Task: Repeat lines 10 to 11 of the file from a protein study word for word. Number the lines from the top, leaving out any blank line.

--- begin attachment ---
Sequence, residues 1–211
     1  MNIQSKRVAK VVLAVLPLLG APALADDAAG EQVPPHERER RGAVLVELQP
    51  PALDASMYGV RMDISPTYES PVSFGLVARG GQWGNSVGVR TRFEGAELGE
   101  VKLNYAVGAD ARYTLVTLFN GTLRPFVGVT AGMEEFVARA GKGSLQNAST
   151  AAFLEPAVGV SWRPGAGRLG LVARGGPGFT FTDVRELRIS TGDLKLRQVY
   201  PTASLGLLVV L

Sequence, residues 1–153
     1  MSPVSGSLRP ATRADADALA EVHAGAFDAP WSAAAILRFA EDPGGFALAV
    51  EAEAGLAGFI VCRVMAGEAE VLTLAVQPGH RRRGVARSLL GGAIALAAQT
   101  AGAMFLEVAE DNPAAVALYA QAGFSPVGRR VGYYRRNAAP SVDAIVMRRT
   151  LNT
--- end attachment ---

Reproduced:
   101  AGAMFLEVAE DNPAAVALYA QAGFSPVGRR VGYYRRNAAP SVDAIVMRRT
   151  LNT